The Mystery Of The Oldest Mummy In Africa

Egypt is the home to the oldest mummies in Africa, right? That at least is the assumption most of us likely have – but there is evidence challenging this. Deep in the desert mountains of southwest Libya, researchers uncovered the mummified remains of a long-dead child, known as the Tashwinat mummy, that predates Egyptian mummies by over a thousand years. So what do we know about this ancient infant mummy?

In the winter of 1958, so the story goes, the archaeologist Fabrizio Mori was exploring a natural cave shelter known as Uan Muhuggiag, an archaeological site that was occupied by pastoralists (cattle farmers) at different times. During his examination, Mori apparently noticed signs of this ancient habitation in the form of rock art depicting people, animals, and cattle, as well as graffiti, from different periods. But as he started to dig in the cave’s soft sand floor, he also found a strange bundle buried near the surface.

This bundle, made of goat or antelope skin, was covering the desiccated body of a small child who had been wrapped in a layer of leaves. The child had undergone some form of mummification process. The child’s organs had been removed post-mortem through incisions in the abdomen and thorax, a process known as evisceration, and replaced with herbs (probably to help preserve the body).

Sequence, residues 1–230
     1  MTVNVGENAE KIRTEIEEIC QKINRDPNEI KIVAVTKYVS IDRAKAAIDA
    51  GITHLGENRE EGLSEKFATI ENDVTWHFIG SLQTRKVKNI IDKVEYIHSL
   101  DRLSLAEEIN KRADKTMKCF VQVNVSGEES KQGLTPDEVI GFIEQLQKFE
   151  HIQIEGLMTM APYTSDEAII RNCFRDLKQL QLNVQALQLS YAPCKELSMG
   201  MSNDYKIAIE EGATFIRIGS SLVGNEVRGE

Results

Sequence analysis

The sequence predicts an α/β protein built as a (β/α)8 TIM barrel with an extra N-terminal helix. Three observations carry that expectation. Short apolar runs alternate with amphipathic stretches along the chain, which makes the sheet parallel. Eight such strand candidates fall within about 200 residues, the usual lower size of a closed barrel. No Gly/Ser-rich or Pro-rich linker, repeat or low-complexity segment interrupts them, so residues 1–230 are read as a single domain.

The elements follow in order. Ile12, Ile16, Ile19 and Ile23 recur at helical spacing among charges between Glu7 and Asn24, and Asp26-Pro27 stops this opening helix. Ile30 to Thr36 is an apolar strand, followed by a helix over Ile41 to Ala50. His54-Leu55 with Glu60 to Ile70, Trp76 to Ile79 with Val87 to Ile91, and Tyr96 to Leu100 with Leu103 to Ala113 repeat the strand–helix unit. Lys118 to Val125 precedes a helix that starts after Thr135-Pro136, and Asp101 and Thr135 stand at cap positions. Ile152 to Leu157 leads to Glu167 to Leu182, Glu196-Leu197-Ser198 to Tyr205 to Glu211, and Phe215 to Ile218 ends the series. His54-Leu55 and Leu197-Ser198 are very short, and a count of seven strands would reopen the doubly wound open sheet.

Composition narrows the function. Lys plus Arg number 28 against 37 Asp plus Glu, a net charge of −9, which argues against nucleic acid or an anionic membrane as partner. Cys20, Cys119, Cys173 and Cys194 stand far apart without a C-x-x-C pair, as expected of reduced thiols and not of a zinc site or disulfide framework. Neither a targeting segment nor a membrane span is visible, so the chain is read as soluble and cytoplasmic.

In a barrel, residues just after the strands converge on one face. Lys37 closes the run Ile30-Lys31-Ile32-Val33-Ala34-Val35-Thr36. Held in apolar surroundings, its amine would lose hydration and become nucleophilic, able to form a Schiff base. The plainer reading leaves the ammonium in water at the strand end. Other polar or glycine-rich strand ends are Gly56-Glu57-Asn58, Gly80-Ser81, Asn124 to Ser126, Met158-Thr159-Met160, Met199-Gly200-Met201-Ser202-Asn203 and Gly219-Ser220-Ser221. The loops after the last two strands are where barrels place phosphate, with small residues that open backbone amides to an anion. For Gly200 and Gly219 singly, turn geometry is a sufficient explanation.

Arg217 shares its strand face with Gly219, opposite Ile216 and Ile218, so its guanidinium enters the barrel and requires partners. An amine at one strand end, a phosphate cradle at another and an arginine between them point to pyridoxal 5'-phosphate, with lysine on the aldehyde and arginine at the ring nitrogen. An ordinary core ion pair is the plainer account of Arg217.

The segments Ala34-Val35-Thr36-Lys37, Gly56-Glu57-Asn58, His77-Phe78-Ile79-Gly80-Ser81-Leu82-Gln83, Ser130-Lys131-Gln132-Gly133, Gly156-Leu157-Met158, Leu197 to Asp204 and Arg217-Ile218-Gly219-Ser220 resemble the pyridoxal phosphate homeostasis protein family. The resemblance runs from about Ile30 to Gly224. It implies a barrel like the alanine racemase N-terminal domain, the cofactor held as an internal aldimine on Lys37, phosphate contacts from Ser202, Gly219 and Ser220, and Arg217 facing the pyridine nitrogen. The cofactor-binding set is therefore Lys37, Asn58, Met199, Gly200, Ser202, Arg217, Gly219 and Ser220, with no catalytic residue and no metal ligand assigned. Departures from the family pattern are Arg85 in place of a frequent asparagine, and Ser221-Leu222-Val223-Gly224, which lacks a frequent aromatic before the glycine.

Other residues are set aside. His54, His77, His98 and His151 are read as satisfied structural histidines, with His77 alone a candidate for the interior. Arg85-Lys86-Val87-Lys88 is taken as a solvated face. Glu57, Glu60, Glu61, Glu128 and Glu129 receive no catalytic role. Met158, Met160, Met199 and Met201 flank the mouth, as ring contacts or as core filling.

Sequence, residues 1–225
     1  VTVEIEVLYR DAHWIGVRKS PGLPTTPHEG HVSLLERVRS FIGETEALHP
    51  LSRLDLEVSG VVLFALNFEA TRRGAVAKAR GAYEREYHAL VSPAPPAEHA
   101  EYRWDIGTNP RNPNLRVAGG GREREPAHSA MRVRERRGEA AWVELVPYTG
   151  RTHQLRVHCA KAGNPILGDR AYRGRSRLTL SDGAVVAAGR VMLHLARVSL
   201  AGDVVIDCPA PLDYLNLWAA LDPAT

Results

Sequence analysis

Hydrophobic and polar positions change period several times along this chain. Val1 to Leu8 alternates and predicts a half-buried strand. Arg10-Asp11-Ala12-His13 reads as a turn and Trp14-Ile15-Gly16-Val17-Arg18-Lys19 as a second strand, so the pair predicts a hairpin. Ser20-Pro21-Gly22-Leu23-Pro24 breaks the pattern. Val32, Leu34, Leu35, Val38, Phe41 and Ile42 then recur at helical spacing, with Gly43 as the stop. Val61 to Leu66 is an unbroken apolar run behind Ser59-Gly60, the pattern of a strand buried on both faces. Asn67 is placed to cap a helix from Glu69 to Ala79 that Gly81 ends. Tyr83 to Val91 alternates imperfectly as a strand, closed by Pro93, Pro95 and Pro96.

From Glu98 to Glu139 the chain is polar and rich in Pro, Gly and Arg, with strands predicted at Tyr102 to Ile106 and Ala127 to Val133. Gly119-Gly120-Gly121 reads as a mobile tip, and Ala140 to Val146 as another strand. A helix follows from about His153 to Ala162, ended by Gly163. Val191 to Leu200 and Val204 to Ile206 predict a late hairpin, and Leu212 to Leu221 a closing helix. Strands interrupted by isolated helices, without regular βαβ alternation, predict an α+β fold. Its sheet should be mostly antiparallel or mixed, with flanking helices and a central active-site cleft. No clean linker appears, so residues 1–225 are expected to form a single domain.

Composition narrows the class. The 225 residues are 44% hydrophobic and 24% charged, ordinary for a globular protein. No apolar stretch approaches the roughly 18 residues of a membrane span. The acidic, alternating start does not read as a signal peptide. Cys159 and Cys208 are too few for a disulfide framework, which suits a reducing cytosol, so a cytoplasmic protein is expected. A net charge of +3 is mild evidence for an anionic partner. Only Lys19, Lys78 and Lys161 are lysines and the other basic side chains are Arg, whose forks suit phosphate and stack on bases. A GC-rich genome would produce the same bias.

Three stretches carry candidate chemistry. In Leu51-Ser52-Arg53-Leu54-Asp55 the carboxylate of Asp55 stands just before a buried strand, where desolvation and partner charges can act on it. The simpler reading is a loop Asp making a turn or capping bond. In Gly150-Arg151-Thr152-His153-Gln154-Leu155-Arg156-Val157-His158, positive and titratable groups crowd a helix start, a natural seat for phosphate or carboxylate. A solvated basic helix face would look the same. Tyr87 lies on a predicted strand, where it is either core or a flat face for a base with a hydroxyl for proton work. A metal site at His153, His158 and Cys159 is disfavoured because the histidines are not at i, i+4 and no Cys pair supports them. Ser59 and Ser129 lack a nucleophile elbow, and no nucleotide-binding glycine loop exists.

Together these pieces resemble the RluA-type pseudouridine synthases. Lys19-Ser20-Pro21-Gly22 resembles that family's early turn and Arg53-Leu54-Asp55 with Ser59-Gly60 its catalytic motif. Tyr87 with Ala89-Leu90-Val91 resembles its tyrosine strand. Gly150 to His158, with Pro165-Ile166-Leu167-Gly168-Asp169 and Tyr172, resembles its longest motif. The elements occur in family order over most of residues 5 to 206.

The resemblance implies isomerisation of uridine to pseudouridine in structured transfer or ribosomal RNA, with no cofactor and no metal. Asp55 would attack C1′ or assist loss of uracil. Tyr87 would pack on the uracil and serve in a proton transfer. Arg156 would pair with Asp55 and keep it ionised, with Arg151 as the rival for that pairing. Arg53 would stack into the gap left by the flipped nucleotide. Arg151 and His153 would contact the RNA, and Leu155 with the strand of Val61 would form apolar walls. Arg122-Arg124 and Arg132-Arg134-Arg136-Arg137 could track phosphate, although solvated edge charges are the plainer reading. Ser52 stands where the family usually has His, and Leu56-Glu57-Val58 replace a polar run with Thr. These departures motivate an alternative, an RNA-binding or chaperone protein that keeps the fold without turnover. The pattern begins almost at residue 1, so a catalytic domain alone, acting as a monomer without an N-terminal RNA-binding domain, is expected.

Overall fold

The body was positioned in the fetal position and there was an ostrich eggshell necklace found around its neck.

Analysis of the body suggests the child was around 3 years old when they died. Additional analysis shows the child possessed a dark skin complexion.

Dated using radiocarbon dating, the mummified child is thought to be between 5,400 to 5,600 years old.

When the child was alive, the Sahara would have looked very different from how it does today. Far from being an arid desert, the people who visited Uan Muhuggiag would have inhabited a far greener landscape. This time, sometimes referred to as the “African humid period”, saw the Sahara covered in grasses, trees, and lakes, which would have helped sustain the cattle farmers who lived around the site.

Further evidence that this part of North Africa was far wetter than it is today is apparent from local cave art that depicts elephants, giraffes, and crocodiles, while fish bones and ancient fishing equipment have been found in other sites across the Sahara.

So how does this ancient mummy relate to Egyptian versions? At the moment it is unknown whether this earlier mummification practice influenced the other, but it does open up the possibility that mummification in Africa has a much deeper and more complex history than previously thought.

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